From The New England Journal of Medicine
Although one might expect a book about generosity in medicine to involve a discussion of charity in health care, Arthur W. Frank engages the reader as a person who might alternatively be a patient or a physician. The Renewal of Generosity is about a seldom-discussed virtue; its subtitle, Illness, Medicine, and How to Live, defines its context and intent. The book offers no recipes or rules for living but engages the reader in a set of exercises that draw on a wide range of writers to show how generosity and gratitude are central features of any ethically sound practice of medicine. This reflection is starkly honest and never pedantic or condescending. Not only is it rich with both clinical and psychological detail, but it is filled with sensitive portraits of the complexities of meaning involved in the care of patients. Frank's mode of presentation is dialogue, which is more than a literary or sociological technique. It serves a methodologically effective function of engaging the reader in a project about the complexity and importance of generosity as a way of living with others. Although dialogue is the central theme, Frank clearly shows that verbal communication is just one form of the complex interactions that define what caregiving involves. Dialogue emerges in the empty space between two people. This empty space is an essential condition that medicine, with its technical and scientific mastery, cannot erase. Dealing with this condition demands an imaginative response that far exceeds the typical themes in common treatments of communication between physicians and patients. Frank rightly understands that communication gains its importance not in achieving a technical mastery, such as accurate conveyance of information, but in educating one to face difference, frailty, and limitation. Through a rich telling of stories and reflection on them, Frank conducts a complex symphony of ideas about medicine with writing from a wide range of authors that models how readers might enact and experience the complex, subtle meaning of generosity and gratitude in their own practices. Anchored in the context of contemporary medicine, this book is more about how one ought to live when facing the limits of action, communication, and understanding than it is about any topical issue. Through open engagement with another human being, generosity and the sometimes frightful situations that call it forth are revealed not only in complex clinical situations and actions (including avoidances), but also in the acts of speech that make up and surround caregiving relationships. Although it is accurate to say that this book is about communication, it is communication at a level that is seldom broached in the most common technical discussions. As Frank sees it, the world of physician and patient is not so much silent or filled with complex messages between sender and receiver as it is full of a nearly unspeakable meaningfulness that can help us to learn how to be better caregivers and how to live with others. Frank more often shows, rather than tells us, what must be done. He is not content to capture or express multifaceted acts of kindness or compassion but, rather, shows in dialogue how to live better. It is accurate to say that this book is brilliant, but its light shines more with subtle twinkles than with dazzling flashes of insight about the meaning and the value of generosity and gratitude in medicine. Physicians should rush to read this book, and I hope that patients will join them, because their partnership is unavoidable. George J. Agich, Ph.D.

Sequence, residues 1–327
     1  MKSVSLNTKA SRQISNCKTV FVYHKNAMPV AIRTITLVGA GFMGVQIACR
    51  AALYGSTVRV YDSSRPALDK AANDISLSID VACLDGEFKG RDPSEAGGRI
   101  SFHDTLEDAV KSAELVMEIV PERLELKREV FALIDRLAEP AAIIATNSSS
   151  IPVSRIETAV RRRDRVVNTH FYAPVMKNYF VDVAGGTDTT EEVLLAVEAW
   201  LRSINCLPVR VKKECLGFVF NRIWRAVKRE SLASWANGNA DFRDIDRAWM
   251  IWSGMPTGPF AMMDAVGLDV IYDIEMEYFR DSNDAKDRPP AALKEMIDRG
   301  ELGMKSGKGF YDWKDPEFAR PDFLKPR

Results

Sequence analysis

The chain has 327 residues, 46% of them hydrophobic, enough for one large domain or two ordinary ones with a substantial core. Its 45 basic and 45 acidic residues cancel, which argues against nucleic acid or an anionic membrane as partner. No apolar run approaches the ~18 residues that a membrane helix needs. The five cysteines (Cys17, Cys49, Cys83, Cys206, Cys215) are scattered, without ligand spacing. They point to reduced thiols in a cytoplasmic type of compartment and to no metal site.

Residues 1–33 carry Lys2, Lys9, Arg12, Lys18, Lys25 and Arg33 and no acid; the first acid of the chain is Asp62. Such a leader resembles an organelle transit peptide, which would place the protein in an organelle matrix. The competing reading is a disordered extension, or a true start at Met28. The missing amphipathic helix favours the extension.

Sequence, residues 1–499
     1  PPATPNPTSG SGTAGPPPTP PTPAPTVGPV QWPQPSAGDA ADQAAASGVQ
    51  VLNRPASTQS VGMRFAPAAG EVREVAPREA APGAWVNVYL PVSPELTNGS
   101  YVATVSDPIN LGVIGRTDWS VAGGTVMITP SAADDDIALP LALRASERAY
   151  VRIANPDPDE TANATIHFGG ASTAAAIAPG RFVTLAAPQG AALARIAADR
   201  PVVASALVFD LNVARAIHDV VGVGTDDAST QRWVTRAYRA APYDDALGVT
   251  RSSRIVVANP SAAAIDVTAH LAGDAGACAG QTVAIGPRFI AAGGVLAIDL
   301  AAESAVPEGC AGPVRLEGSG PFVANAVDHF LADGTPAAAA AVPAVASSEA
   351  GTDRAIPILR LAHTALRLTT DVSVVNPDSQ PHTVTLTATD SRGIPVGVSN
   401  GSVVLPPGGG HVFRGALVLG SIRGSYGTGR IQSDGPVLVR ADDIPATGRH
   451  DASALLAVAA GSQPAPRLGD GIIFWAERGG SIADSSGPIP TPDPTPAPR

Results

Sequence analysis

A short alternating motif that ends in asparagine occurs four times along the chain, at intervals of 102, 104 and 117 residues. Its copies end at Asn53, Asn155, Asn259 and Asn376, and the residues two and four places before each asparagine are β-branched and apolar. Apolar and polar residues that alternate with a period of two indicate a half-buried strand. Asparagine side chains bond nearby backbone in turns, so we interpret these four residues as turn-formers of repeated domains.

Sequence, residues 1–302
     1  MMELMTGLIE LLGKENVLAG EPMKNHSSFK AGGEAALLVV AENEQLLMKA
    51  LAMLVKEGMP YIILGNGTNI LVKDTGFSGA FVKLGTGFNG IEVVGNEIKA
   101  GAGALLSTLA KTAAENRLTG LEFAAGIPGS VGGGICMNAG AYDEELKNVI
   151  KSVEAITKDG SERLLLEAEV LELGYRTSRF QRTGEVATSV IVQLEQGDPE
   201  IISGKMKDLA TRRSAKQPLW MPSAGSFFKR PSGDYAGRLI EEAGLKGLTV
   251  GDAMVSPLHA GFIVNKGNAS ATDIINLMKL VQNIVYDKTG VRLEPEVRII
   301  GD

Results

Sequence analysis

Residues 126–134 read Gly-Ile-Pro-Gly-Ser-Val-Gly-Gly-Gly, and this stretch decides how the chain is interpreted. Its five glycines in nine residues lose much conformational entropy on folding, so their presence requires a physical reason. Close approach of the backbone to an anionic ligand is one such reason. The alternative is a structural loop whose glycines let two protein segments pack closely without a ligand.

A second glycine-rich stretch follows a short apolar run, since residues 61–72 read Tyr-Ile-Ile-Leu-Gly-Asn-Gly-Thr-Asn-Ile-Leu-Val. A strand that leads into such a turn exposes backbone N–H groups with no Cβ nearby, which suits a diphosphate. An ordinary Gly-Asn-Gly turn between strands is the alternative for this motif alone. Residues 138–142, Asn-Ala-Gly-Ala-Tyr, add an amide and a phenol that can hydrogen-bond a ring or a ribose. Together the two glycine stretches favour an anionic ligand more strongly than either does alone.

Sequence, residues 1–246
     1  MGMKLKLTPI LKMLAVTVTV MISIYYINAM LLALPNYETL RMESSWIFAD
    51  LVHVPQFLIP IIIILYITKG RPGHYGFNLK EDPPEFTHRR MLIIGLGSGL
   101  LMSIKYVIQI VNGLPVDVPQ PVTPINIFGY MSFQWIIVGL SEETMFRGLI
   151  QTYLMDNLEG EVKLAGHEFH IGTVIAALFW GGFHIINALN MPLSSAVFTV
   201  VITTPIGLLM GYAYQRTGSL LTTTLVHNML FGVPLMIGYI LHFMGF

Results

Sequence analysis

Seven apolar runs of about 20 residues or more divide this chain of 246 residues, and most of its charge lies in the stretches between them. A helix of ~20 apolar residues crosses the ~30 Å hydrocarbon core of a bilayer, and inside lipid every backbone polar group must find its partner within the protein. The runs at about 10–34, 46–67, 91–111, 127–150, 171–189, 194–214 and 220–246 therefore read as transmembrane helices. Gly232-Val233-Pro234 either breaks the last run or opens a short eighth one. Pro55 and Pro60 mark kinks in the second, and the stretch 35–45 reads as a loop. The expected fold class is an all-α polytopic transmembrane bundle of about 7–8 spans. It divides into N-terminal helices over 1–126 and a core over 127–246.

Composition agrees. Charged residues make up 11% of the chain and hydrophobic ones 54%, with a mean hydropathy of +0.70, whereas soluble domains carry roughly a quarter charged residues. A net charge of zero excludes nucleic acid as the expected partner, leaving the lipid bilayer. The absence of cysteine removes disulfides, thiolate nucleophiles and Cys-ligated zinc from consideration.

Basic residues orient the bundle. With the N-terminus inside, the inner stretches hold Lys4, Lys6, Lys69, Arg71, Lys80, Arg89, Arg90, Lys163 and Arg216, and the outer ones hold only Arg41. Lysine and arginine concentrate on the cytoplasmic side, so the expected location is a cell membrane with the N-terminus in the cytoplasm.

Copyright © 2004 Massachusetts Medical Society. All rights reserved. The New England Journal of Medicine is a registered trademark of the MMS.
--This text refers to the Hardcover edition.
"Frank's vision of how a lost sense of story could be restored to medicine is both lucid and profound.... In his new book, The Renewal of Generosity, he examines clinical situations in which health care workers who do bring a sense of narrative to bear have transformative effects." - Melanie Thernstrom, New York Times Magazine "This reflection is starkly honest and never pedantic or condescending.... Through a rich telling of stories and reflection on them, Frank conducts a complex symphony of ideas about medicine with writing from a wide range of authors that models how readers might enact and experience the complex, subtle meaning of generosity and gratitude in their own practices.... Physicians should rush to read this book, and I hope that patients will join them." - George J. Agich, New England Journal of Medicine"
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